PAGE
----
So here I am, walking in and out of the house everyday, looking at all the stuff I keep by the front door, and thinking to myself, “I don’t like all this crap sitting here in a pile”.

The mess

So I get this wild idea to build a little shelf to sit on the trim piece. A couple of key points here:
1) I don’t want to damage the trim in any way.
2) I don’t want anything permanently affixed to the trim/wall.
3) I don’t want anything freestanding taking up more floor space.
I make a little space on the porch, gather up some stuff, pet my helpers, and start goofing around.

I come up with an idea of putting one large board on top, a small spacer board under it to match the thickness of the trim, and then a third board at the bottom to match the depth of the trim underneath. In my mind, this thing will just slide right onto the trim, and not fall off because the bottom board prevent the whole thing from ‘tipping away from the wall’, which means it can’t fall (physics and sh*t).

So I cut, I build, I tweak, I fiddle…

and eventually I get to the part where I can test the thing out!
Now, I tested it with just the center mount in place, but I didn’t snap a pic there because I was too excited with my results. I tweaked it some, added side supports, and stuck it back up there.

I decided I liked it, so I took it back outside, sanded it down, then brought it back inside, put it up, moved it around a bit, and finally got it how I liked it.

I got done with it, cleaned up my mess, put my stuff away, and pondered on the shelf for a little bit. Digging through my ‘junk’, I found some hooks I liked, added them to the shelf, and then fiddled around it with a little more. Eventually I ended up with this:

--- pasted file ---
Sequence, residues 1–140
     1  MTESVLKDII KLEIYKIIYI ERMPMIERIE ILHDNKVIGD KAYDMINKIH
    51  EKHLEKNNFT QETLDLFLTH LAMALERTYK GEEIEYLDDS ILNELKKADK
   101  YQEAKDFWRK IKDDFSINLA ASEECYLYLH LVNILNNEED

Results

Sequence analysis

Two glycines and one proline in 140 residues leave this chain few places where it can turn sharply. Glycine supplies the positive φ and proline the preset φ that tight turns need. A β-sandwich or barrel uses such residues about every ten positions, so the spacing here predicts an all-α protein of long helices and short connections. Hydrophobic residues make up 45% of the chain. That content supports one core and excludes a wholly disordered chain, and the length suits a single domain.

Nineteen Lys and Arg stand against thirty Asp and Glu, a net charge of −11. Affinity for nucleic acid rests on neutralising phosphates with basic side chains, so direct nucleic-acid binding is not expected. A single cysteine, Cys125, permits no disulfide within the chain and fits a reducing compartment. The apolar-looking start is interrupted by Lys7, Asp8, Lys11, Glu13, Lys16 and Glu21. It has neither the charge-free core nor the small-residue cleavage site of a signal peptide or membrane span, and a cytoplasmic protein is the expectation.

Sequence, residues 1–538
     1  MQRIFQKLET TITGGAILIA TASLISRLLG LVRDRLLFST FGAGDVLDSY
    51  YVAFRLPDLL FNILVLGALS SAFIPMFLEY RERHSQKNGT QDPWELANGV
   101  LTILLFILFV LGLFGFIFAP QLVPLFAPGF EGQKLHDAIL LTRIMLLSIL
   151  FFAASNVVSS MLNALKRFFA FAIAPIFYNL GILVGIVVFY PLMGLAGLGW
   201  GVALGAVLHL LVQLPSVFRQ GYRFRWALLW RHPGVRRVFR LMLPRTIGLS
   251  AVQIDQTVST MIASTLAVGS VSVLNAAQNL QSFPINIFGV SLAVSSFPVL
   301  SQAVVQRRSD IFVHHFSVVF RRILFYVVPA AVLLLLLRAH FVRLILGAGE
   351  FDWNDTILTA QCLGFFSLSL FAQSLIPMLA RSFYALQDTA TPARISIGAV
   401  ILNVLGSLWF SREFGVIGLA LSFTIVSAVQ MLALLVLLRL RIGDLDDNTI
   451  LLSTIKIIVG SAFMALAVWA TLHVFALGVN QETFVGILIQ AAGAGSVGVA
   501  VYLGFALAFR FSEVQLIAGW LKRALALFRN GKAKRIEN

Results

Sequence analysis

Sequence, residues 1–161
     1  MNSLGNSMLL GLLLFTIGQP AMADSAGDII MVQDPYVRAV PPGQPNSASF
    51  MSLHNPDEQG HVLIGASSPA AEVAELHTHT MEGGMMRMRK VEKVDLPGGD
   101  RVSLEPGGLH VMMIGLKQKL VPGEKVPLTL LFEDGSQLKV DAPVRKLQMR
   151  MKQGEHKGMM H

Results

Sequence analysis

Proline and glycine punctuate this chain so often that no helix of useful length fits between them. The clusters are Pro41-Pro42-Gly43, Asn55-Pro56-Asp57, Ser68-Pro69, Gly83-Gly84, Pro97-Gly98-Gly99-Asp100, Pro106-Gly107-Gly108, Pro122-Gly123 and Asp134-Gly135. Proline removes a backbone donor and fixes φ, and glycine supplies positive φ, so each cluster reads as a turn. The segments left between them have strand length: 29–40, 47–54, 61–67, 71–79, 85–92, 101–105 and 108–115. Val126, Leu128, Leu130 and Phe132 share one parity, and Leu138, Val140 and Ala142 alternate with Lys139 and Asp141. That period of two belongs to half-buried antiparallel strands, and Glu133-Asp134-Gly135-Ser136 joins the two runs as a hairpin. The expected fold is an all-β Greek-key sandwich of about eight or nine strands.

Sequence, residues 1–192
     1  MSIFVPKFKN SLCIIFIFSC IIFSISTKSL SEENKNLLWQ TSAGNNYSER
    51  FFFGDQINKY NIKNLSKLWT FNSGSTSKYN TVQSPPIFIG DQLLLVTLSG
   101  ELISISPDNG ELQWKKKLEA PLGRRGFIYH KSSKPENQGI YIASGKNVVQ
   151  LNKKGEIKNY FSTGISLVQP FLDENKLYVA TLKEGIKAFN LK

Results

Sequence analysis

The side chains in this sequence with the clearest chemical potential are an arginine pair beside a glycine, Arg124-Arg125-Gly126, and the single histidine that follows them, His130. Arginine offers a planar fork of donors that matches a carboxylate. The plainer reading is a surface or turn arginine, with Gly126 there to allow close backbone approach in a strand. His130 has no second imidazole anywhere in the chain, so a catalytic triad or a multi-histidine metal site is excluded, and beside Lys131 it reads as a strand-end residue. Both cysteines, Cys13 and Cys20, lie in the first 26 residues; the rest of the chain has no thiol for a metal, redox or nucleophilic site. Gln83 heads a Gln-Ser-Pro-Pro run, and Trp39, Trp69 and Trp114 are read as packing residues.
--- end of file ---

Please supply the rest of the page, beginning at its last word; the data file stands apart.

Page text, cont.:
Took me less than an hour, using scrap materials and leftover fasteners from other stuff, and that included time to pet the helpers, get a drink, pause and ponder the sky, and of course find my tape measure that I just $%^&*(*&^% had RIGHT HERE.

I did sand it down nice and smooth with 80 grit, just to take the rough edges off, so there’ll be no splinters or unpleasant touches.
Were I more interested in a nice finish for myself, i’d fill in all the little imperfections with wood putty, sand it down with 80 grit, then 120, then 150 grit before painting, OR, I would sand it down with 200 grit and apply a stain finish.

As you’ve seen with my other projects, the ones I do for myself are all about function, and little about finish, because I just need stuff that works.
Next up is to see how my house-mate reacts to it (they were asleep the whole time I was building this!).

Just for fun, but it works…

As an aside to the Mock Wall project, I threw this together quickly, both because I love having a whiteboard up, and because it was there.


I gave myself bonus points for:
1) Using scrap materials (wood pieces),
2) Not damaging the whiteboard in any way, and,
3) Not permanently fastening ANYTHING that needs to be repaired later.

On that last note, the wall the whiteboard blocks are affixed to is a temporary wall, put up due to a missing picture window in the space beyond. 🙂